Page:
I want to thank Luther Ragin, CEO of the Global Impact Investing Network; Matt Patsky, CEO of Trillium Asset Management; Kyle Johnson, Managing Director at Cambridge Associates and Daniel Fireside, Capital Coordinator for Equal Exchange for their participation at our Impact Investing panel last week.

Luther, Matt, Kyle and Daniel led an informative, engaging and spirited conversation with each other and the audience. Even though I worked with them to plan the topics and flow for the panel, I can’t possibly capture the richness of the discussion in a short article. Instead, I’ll highlight several points I took away from the conversation.

Begin with our working definition:

Impact investments are investments made into companies, organizations, and funds with the intention of generating measurable social and environmental impacts while also earning a financial return.

Impact investing is sizable, growing and surprisingly diverse.

  • $8 billion of impact investments was reported by 100 institutions in a 2012 survey.
  • Those institutions planned $9 billion in 2013.
  • Investments are being made globally, in developing and developed markets – they are as likely to support housing in under-served areas of the US as microfinance in sub-Saharan Africa.
  • Virtually all asset classes are represented – public-traded equities, private equity, corporate and sovereign debt, cash, venture/early stage capital, IPOs, DPO (direct public offerings) and others.
  • This is not “disguised charity” – though financial return targets vary, 2/3 of institutions report market rate of return targets.

Investor intention is the foundational element in impact investing.

  • Investor intent distinguishes impact investing from an investment that happens to also have social or environmental impact.
  • The investor’s impact goal will be value driven.
  • The investor’s financial return goal should reflect financial and portfolio considerations but may be influenced by values.
  • For investors to reach their overall financial goals, portfolio construction must take into account the specific impact investments chosen.

The measurement of impact gives impact investment robustness and rigor.

  • Defining “impact” and how to measure it is hard work, but essential.
  • Measuring desired outcomes requires a higher level of transparency and accountability from the target organization. That benefits financial analysis and reporting as well.
  • Having agreed-upon impact measures better aligns the goals of investors and recipient organizations.

Impact investing is not just another name for SRI, ESG, responsible investing or sustainable investing.

  • Impact investing’s roots are in Socially Responsible Investing, which began as a passive strategy (avoid investing in bad things). Impact investing is by definition active investing.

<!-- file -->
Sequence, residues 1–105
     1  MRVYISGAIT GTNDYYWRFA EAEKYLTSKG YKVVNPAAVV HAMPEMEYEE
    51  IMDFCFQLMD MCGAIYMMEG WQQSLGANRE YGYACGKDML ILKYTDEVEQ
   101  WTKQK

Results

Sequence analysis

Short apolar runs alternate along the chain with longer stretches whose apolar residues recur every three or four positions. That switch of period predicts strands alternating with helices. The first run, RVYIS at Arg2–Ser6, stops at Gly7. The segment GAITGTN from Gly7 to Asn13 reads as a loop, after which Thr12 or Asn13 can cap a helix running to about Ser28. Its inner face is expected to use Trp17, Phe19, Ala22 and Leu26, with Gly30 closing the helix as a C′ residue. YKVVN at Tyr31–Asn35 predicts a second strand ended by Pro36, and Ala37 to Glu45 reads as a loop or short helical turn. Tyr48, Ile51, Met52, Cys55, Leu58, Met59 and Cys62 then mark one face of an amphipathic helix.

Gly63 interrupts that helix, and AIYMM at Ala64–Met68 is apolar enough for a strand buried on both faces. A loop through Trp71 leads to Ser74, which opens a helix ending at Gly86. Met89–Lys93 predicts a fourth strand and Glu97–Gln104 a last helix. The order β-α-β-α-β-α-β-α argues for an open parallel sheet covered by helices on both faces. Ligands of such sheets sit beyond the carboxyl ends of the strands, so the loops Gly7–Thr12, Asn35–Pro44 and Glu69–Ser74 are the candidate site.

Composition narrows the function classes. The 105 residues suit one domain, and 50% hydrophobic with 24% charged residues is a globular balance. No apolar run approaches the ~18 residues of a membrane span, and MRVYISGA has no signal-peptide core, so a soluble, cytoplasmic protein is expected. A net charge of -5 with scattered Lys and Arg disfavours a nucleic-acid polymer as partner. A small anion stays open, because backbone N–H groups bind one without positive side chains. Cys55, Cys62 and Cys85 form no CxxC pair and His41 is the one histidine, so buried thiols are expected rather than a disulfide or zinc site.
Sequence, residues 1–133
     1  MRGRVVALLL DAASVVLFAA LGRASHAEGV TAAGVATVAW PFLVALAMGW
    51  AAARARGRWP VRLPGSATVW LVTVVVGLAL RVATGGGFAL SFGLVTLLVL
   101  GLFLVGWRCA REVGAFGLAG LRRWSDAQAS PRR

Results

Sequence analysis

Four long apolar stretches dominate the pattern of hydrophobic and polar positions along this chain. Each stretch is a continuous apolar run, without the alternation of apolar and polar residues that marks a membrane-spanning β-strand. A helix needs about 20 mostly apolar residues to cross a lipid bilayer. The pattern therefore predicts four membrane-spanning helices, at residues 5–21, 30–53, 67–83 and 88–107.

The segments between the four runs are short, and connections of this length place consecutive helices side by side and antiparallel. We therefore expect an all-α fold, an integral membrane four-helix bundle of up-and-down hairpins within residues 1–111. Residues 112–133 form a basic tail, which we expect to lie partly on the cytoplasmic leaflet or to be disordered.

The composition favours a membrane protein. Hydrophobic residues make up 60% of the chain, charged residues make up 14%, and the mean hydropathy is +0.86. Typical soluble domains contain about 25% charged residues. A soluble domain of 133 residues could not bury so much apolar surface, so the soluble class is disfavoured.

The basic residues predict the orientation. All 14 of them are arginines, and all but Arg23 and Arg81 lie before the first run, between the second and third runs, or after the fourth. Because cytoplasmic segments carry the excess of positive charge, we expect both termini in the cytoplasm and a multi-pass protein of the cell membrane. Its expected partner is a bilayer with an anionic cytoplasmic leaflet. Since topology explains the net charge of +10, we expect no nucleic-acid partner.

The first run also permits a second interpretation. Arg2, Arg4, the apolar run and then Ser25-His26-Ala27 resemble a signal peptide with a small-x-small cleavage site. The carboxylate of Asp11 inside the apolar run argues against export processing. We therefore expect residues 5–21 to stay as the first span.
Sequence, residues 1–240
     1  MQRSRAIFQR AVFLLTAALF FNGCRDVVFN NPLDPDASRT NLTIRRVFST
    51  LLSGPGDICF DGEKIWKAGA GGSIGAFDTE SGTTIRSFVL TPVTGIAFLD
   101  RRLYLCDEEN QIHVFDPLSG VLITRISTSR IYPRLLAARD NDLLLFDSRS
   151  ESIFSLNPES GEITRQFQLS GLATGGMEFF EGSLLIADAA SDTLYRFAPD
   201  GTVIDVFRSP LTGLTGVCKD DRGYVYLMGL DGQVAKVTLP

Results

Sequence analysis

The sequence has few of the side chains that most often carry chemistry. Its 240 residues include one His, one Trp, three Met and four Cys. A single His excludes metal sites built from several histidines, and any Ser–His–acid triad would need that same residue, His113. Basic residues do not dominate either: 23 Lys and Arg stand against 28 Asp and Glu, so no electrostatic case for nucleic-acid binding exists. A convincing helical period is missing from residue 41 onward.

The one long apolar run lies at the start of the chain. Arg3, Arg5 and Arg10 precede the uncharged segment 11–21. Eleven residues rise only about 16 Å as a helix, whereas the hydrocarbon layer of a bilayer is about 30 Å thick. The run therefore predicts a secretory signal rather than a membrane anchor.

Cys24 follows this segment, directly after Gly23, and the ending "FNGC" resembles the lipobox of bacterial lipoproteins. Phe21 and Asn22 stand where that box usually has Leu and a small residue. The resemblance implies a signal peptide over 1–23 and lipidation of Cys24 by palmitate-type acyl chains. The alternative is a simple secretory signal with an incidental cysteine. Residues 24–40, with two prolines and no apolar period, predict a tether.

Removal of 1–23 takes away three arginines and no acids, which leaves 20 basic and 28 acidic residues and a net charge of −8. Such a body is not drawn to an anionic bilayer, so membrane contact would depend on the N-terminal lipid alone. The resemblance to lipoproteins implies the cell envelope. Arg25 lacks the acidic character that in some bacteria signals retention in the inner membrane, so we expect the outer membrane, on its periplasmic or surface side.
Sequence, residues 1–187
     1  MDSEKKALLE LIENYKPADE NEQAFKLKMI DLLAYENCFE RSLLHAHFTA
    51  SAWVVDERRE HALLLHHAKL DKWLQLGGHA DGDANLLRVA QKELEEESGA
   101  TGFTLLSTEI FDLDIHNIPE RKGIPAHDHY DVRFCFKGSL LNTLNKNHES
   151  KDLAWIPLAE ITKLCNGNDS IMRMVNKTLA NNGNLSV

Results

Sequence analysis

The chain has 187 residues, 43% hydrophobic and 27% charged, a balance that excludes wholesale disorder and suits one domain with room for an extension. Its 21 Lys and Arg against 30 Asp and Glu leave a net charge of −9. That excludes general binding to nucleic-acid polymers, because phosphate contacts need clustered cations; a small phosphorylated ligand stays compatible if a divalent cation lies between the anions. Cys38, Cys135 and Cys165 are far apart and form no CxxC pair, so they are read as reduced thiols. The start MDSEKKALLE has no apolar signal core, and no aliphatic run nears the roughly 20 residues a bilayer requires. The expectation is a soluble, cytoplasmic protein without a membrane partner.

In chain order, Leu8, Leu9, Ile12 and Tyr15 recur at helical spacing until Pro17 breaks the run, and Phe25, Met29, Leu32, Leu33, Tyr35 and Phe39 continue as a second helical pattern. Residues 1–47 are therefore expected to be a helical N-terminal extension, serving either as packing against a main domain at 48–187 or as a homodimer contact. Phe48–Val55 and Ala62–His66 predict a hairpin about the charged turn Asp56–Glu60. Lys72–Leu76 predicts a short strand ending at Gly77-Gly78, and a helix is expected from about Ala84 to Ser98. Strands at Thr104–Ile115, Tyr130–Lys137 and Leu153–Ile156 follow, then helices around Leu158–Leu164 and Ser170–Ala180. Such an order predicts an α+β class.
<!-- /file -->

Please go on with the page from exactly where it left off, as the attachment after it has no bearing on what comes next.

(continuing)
• There is significant commonality, crossover and confusion among these terms. For the purposes of understanding impact investing, don’t equate them.
  • These other terms encompass approaches and tools that are useful in choosing and evaluating impact investments.

All investments have impact – the importance of a total portfolio view.

Courtesy Trillium Asset Management
  • The businesses and governments that deploy invested capital have impacts – positive and negative – on the impact goals of investors.
  • For most investors, even the most committed ones, impact investments will only represent a fraction of their portfolio. Investors must consider whether the rest of their portfolio is helping or hindering their impact goals.
  • ESG/SRI criteria, shareholder advocacy and public policy advocacy are also tools to influence the impact of investments. The accompanying chart illustrates how Trillium uses these tools to maximize impact.

Impact investing complements the emergence of alternative models for business organizations.

Courtesy Equal Exchange
  • Equal Exchange, represented on the panel by Daniel Fireside, is just one example.
    • Organized as a cooperative, it has impact investors who own non-voting shares.
    • Investors receive a fixed (5%) dividend when the company earns profits.
    • Equal Exchange has been successful in achieving its goal of supporting small-scale farmers while earning a return. Over the 10 years from 2001-11, shareholders outperformed the S&P 500 with significantly less volatility.
    • Closely engaging their investors in their business is a key to success in attracting and retaining investors and capital.
  • Impact investments can be designed to support organizational structures like cooperatives, B-corporations, social benefit corporations and others.

For additional information:

  • GIIN – the Global Impact Investing Network
  • White paper on Total Porfolio Activation from Trillium Asset Management
  • Equal Exchange cooperative
Impact Investing Panel